In recent years, however, there has been a growing recognition that psychological and social phenomena cannot be viewed in isolation from bodily processes, and researchers increasingly include affect and nonverbal, embodied aspects of communication in studies of human interaction (Cromby, 2012; Wetherell, 2015). The inclusion of affect and embodiment is arguably particularly pertinent in the study of psychotherapy, which entails affectively laden conversations about one’s self, life and relationships. Affect is intimately linked with meaning construction in psychotherapy and is an integral part of the work of therapy. Psychotherapy as an institutional practice promotes explicit discussion of the client’s affective experience and also examines the manifestation of affect in the session. In most psychotherapy schools, affective experience and expression are considered clinically relevant tasks that play an essential role in constructing new meanings and promoting therapeutic change. Furthermore, the experience, expression and processing (or working through) of affect -particularly negative affect- are considered key mechanisms of therapeutic action (e.g., Greenberg and Safran, 1989). Several important processes of therapy center on affective experience, such as the explicit naming of affect, mirroring and reflecting back the client’s affect, and the regulation of affect through the therapist’s ‘holding’ or containing presence (Slochower, 1991; Fonagy and Target, 1996).
Contemporary discursive theories assume that affect ‘permeates all utterances across all contexts’ (Besnier, 1990, p. 433). In this framework, embodied and affective processes are conceptualized as distinct, dynamic processes that are inscribed in discourse and therefore inseparable from it (Wetherell, 2015). In addition to explicitly referring to one’s emotions, affect is mostly conveyed implicitly through various discursive, linguistic, and communicative devices – such as prosody (pitch, tempo, volume of speech and pauses), intonation, lexical choice, syntax – many of which are context and culture dependent (Besnier, 1990). Generally, such work argues that the speaker’s affective state is usually alluded to through nonverbal means, rather than explicitly articulated.
Psychoanalytic theory has long recognized the centrality of embodied, affective experience for psychological functioning, our internal world, and our interactions with others. In psychoanalytic theory of change (e.g., Gabbard and Westen, 2003), a key mutative factor is ‘insight’: that is a process, comprising of cognitive and affective components, whereby unconscious motivation, wish, affect and other psychic elements become conscious. Insight operates within the declarative or conscious verbal domain and concerns knowledge that is explicit, readily brought into conscious awareness, and symbolically represented; in therapy it is promoted primarily through the therapist’s interpretations.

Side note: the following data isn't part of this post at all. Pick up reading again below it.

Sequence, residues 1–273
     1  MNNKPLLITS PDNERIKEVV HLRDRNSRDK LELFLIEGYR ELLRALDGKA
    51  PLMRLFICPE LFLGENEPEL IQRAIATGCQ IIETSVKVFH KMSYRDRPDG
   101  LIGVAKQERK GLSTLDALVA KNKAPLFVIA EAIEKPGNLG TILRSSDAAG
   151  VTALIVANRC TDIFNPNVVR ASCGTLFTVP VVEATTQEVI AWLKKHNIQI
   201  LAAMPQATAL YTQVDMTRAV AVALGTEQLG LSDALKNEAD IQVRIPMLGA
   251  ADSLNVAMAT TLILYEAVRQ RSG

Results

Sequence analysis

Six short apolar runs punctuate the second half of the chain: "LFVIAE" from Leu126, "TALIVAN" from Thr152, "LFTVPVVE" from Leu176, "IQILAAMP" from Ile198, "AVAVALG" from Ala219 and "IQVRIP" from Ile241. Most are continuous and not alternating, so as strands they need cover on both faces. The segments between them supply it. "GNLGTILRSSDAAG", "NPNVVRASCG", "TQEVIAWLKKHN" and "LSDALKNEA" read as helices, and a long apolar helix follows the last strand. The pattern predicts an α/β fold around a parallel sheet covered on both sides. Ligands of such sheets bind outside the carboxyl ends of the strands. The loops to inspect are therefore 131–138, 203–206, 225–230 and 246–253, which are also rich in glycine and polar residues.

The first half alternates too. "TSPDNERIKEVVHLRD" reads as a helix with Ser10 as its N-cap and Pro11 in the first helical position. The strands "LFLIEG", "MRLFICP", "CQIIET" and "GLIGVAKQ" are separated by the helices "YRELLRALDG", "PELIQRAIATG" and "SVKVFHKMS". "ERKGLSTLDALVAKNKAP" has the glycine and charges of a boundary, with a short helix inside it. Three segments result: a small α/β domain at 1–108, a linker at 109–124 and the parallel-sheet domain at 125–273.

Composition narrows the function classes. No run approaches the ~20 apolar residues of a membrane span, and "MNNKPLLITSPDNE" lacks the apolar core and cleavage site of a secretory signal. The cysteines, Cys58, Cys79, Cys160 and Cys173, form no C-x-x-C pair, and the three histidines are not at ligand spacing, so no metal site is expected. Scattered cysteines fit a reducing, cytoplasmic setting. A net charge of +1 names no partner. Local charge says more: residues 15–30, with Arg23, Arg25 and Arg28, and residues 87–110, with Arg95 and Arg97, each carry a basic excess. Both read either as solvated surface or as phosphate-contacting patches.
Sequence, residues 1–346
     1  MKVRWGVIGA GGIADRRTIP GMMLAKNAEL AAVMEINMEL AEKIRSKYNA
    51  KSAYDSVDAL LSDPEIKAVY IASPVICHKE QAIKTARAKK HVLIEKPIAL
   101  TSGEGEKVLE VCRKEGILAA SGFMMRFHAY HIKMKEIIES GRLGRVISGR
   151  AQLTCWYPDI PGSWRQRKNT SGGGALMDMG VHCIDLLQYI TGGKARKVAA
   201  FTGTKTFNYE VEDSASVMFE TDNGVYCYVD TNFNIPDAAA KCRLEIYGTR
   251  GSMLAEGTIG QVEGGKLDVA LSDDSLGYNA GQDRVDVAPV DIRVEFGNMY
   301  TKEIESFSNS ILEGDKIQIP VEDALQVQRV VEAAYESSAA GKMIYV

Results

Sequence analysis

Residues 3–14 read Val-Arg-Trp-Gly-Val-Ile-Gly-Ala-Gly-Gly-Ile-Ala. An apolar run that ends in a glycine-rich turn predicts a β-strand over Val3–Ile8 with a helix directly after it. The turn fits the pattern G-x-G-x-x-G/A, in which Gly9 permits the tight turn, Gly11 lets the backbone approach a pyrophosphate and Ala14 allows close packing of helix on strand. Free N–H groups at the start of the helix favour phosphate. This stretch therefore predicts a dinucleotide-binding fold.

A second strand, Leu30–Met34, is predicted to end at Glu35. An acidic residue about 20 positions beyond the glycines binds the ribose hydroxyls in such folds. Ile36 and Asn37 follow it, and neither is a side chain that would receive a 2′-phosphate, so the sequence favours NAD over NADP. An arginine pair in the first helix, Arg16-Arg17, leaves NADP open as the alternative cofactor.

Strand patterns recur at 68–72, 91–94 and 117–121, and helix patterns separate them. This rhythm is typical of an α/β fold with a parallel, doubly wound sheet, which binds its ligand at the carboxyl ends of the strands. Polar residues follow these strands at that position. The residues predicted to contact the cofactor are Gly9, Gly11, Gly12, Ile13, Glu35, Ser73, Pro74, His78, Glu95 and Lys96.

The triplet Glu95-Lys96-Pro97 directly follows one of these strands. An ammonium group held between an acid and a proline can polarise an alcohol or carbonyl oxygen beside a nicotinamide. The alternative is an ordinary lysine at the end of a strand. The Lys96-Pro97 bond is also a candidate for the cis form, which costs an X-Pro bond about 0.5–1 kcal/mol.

In addition to the role of insight, in psychoanalytic theory change is also mediated through the therapeutic relationship and analytic setting (Slochower, 1991). This process of change occurs on an implicit procedural or relational domain; it is non-conscious and represented non-symbolically in the form of implicit relational knowledge, i.e., knowledge about ways of ‘being with’ the other (Stern et al., 1998; Lyons-Ruth, 1999). Change of this sort is seen to rely on implicit, non-conscious relational exchanges between therapist and client, as they co-create a way of being with each other that produces qualitative shifts in procedural ‘knowing about relationships’ (e.g., Beebe and Lachmann, 2002, 2014; BCPSG, 2002, 2010, 2012). In contemporary psychoanalytic conceptualizations, shifts in implicit relational knowledge often take place following ‘moments of meeting’, that is moments of authentic person-to-person connection that are usually associated with heightened affect (Stern et al., 1998, p. 904). Stern et al. (1998) describe such moments as affectively ‘hot,’ unique moments of opportunity that, if seized, can bring about change. They represent moments where ‘the habitual framework -the known, familiar, intersubjective environment of thee therapist-patient relationship– has all of a sudden altered or risks alteration’ (1998, p. 911), often occurring when the therapeutic frame is challenged or broken. On a subjective level, they can be experienced as unfamiliar, unsettling or weird yet full of potential. Importantly for our purposes, such changes on an implicit level are closely associated with affect; these mutative exchanges implicate several affective processes, such as the mutual recognition and regulation of affective states, moments of affective understanding, and moments where this understanding is lost and then re-established in a process of self- and co-regulation of affect between interacting partners (Beebe and Lachmann, 2002; BCPSG, 2008). So, change in the implicit level takes place in an intersubjective context that is created through affective communication and mediated nonverbally; it includes several nonverbal behaviors such as vocal rhythms, gaze, orientation, intonations, posture, facial expression etc. (Stern et al., 1998).